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$1.25 Million Grant Supports Smart-Home Technology Solutions to Serve Formerly Homeless People

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A $1.25 million National Science Foundation grant is funding a Cal State Fullerton community-based project to develop smart-home technologies for people previously affected by homelessness and now living in permanent supportive housing.

Permanent supportive housing is an evidence-based approach to homelessness that involves ensuring access to services residents need, said Anand Panangadan, associate professor of computer science, who is directing the project. 

The three-year project, “Designing and Testing Remote Services to Support Formerly Homeless Persons in Permanent Housing,” brings together a team of interdisciplinary researchers from CSUF and USC, along with two nonprofits that address Orange County homelessness issues.

Project collaborators are CSUF’s Kiran George, professor of computer engineering and researcher in user-friendly assistive technology devices, and Tabashir Nobari, assistant professor of public health, whose research includes housing insecurity and homelessness; and Benjamin Henwood, USC professor of social work, an expert on housing and integrative support for homeless individuals. Community partners are Mercy House and Jamboree Housing Corporation. 

Anand Panangadan
Anand Panangadan, associate professor of computer science 

“There’s little research that has examined technological innovations for providing services in permanent supportive housing for the homeless population,” said Panangadan, whose research interests include applications of machine learning.

These services include mental health counseling, substance abuse resources, job placement, and assistance in obtaining state and federal benefits.

“Most of these services traditionally are provided in-person,” Panangadan said. “But the unexpected COVID-19 pandemic accelerated the role of technology in providing some of these services, such as home visits and mental health counseling, which can be performed over videoconferencing.”

This project will study what factors determine successful use of smart-home technology in supportive housing, and develop prototypes to demonstrate how technology can facilitate and improve services, Panangadan relayed.

Prototypes being considered include a smart pot for easier cooking, a smart pillbox and a social connectivity app designed to facilitate better social connections with other residents and the surrounding community, George said.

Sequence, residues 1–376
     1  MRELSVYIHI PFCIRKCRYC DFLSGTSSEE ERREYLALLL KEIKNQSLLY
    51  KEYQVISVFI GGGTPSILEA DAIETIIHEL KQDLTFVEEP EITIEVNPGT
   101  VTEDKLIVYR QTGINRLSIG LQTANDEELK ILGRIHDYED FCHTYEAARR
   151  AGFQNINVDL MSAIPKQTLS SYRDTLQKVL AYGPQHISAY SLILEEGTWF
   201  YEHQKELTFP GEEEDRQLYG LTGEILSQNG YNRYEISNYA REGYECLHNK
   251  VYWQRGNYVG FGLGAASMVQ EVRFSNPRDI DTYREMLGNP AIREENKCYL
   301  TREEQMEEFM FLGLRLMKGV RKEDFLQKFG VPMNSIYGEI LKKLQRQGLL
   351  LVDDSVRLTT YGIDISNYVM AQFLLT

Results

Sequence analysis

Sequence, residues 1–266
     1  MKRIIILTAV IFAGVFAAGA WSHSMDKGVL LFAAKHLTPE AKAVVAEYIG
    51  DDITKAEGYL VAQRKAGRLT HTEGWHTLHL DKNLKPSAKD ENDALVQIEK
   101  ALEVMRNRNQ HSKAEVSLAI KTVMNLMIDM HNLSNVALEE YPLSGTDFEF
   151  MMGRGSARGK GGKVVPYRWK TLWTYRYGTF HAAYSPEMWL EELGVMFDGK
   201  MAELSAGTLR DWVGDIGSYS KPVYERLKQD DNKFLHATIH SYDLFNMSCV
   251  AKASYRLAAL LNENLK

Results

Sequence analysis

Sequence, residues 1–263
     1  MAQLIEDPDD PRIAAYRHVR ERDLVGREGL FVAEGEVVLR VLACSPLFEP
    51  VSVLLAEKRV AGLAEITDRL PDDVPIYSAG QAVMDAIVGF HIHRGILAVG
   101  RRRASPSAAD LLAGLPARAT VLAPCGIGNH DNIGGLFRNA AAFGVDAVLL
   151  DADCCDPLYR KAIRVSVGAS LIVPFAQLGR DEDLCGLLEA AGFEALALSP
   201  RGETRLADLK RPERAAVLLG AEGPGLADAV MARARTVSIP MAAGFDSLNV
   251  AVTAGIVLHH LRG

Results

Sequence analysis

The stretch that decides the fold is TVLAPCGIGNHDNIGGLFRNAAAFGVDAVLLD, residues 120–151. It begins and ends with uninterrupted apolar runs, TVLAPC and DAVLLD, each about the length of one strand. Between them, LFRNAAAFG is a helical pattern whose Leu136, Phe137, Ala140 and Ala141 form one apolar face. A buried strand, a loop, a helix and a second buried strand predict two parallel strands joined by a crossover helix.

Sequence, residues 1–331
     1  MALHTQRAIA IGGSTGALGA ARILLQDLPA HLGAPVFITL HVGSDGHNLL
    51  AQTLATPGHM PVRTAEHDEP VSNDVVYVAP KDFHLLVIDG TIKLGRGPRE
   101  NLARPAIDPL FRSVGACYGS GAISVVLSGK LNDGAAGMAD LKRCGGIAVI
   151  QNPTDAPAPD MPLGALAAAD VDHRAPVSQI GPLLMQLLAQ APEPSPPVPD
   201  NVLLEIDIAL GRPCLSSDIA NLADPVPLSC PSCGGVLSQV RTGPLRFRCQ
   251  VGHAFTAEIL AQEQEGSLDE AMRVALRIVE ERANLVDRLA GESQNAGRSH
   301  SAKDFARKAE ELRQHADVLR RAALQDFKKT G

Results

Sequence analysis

Additionally, the project will investigate key technologies to increase safety, ensure residents’ privacy preferences and expand smartphone interfaces to access the internet and services. 

The project is part of the College of Engineering and Computer Science’s Big Ideas-Digital Homelessness Initiative, which is addressing the complex needs of the homeless population by expanding technology-based solutions.

Kiran George
Kiran George, professor of computer engineering

The project team is currently conducting focus groups with residents living in permanent supportive housing, as well as community partner staff, to understand the factors that affect the adoption of technologies and obtain feedback in the design of prototypes, George said.

“Based on residents’ needs, prototypes will be developed using a ‘lean design’ approach, which refers to developing a solution in an iterative way with rapid development of prototypes that can be quickly evaluated,” George added. “And the lessons learned are applied to the next iteration.”

CSUF engineering and computer science majors will design and develop technology prototypes. Public health and social science students will assist with interviews, focus groups and surveys, as well as analyze data obtained from these activities, Panangadan said.

Tabashir Nobari, assistant professor of public health

“This interdisciplinary study provides public health and social work students with unique opportunities to work collaboratively with computer scientists and engineers developing these technologies,” Nobari said.

“Smart technologies, mobile devices and applications are increasingly used in medicine and public health to address health inequities,” she added. “Providing our students with this experience will give them important skills for the future.”

Debra Cano Ramos